The Danger of Mixing Cyberespionage With Cyberwarfare

China has recently been accused of intense spying activity in cyberspace, following claims that the country uses cyber tactics to gain access to military and technological secrets held by both foreign states and corporations. In this context, the rhetoric of cyberwar has also raised its head. Experts are questioning whether we are already at war with China.
But a danger lies at the heart of the cyberwar rhetoric. Declaring war, even cyberwar, has always had serious consequences. Since war is acknowledged as the most severe threat to the survival and well-being of society, war rhetoric easily feeds an atmosphere of fear, provokes a rise in the emergency level and instigates counter-measures. It may also lead to an intensified cyber arms race.
It needs to be remembered that cyber espionage does not equate to cyber warfare – and in fact making such a link is completely unjustifiable.
Cyber espionage is an activity multiple actors resort to in the name of security, business, politics or technology. It is not inherently military. Espionage is finding information that ought to remain secret and as such, may be carried out for a range of different reasons and for varying lengths of time.
Conducting effective cyber espionage campaigns may in fact take years, and results can be uncertain. However engaging in long-lasting cyberwar activity is simply not sustainable as the costs of warfare are high, and the motives very different; gaining information is never the prime motive. War is waged in order to re-engineer the opposing society to support one’s interests and values. This holds true for cyberwar as well.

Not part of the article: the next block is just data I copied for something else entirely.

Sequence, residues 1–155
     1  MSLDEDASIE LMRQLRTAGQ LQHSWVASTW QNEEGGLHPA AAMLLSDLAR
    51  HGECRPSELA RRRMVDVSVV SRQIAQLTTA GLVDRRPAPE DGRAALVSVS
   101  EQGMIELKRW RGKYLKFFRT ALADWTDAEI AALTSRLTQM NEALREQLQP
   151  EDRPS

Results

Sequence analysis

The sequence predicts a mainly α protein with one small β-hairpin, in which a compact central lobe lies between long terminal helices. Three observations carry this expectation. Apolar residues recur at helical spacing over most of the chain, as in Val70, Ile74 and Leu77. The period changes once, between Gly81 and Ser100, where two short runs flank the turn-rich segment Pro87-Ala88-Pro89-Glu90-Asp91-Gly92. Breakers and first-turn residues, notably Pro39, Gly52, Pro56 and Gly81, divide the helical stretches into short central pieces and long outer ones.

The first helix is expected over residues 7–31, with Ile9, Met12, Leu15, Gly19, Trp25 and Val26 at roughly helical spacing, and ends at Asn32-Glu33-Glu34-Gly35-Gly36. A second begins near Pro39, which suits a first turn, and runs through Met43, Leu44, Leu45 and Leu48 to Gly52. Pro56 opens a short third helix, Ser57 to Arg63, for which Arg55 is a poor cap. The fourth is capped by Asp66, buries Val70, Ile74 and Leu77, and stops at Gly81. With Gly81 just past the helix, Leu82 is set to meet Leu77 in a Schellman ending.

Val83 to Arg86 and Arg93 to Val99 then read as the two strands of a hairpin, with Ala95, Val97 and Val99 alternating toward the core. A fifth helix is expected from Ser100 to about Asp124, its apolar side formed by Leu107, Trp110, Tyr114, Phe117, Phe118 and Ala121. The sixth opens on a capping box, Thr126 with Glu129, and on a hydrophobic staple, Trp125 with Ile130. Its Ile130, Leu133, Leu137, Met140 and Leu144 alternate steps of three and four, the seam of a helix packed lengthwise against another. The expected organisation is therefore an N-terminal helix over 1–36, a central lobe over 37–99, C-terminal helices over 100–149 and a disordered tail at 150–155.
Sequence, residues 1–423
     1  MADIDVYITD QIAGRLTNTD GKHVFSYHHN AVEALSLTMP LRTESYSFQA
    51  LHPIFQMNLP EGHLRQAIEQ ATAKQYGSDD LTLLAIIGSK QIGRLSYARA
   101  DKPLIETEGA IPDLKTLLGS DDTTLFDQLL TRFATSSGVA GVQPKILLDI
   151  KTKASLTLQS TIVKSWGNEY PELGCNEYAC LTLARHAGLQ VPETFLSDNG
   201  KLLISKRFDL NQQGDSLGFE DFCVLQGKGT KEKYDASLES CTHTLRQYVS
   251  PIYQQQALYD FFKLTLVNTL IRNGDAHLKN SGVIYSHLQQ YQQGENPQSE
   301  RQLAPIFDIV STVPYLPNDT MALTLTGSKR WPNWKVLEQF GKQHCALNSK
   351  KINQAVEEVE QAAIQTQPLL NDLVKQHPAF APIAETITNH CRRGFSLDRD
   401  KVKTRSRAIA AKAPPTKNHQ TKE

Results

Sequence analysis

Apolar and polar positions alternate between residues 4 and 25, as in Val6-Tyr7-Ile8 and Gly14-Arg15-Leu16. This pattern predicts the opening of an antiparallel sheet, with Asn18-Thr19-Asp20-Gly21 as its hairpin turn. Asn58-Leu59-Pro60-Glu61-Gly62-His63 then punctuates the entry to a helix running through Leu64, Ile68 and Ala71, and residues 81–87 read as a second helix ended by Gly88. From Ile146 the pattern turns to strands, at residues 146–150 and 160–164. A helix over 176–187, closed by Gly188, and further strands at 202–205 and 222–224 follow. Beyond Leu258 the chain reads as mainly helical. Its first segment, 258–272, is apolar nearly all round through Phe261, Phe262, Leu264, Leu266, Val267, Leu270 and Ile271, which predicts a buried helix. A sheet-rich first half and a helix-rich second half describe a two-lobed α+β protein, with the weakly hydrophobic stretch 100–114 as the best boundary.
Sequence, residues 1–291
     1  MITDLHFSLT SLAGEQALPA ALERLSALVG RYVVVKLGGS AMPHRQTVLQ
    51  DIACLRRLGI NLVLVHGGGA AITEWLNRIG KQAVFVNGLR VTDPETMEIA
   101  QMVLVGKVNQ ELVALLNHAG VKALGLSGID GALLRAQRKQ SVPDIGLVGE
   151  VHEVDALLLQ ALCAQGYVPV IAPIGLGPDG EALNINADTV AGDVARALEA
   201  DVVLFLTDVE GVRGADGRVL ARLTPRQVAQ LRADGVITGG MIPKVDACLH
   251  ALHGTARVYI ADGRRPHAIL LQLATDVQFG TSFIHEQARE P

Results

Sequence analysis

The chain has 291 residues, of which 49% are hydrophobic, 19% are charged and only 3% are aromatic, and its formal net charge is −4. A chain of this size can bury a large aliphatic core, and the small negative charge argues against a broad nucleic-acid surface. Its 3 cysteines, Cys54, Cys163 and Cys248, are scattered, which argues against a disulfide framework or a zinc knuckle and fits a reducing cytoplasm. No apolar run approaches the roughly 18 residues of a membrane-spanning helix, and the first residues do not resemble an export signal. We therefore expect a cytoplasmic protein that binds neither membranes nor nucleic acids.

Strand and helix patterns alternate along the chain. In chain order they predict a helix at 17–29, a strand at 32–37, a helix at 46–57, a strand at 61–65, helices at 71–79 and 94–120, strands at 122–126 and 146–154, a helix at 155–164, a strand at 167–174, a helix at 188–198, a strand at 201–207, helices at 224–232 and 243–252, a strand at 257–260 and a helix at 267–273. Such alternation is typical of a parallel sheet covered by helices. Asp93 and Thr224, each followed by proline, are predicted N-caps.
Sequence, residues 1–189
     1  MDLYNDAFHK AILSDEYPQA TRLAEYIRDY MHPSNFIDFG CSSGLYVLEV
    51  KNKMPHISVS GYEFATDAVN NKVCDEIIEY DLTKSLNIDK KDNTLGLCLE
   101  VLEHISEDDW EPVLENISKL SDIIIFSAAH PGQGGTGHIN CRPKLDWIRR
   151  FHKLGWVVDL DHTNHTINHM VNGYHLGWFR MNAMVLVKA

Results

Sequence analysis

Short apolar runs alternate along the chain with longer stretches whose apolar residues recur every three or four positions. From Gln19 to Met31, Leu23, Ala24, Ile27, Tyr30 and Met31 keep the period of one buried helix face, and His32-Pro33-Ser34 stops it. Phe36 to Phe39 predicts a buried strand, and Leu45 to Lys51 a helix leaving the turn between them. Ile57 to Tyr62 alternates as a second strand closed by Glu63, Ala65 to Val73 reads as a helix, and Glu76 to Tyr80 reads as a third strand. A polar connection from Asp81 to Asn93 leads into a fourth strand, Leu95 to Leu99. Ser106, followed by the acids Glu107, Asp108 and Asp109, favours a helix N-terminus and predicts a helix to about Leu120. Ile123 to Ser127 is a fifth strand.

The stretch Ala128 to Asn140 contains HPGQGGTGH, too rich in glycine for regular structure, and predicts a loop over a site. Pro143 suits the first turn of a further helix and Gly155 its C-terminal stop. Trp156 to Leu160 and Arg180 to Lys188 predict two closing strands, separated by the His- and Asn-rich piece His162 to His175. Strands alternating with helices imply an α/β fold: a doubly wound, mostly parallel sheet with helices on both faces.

But that’s not to say that the two concepts aren’t inter-linked. Cyber espionage can be utilised in warfare for preparing for war, as part of intelligence efforts, and for preparing for peace. Plus, a long-lasting spying campaign that eventually becomes detected may lead to war if it is interpreted to justify pre-emptive or preventive actions.
However, the probability of cyberwar in the near future is low. What we should be more concious of is the use of cyber in conventional conflicts. Cyber capabilities are now classified as weapons; they are a fifth dimension of warfare — in addition to land, sea, air and space — and whilst it’s unlikely future battles will be completely online, it is difficult to imagine future wars or conflicts without cyber activities.
But even if the concept of war has become vague, espionage should be regarded as a seperate activity in its own right. For actions to qualify as war they should cause massive human loss and material damage — cyberespionage does not do this. For the majority, there is little to be gained from confusing cyberespionage with cyberwarfare, yet the potential losses in the form of increasingly restricted freedom and curtailed private space may be substantial.

By Jarno Limnéll

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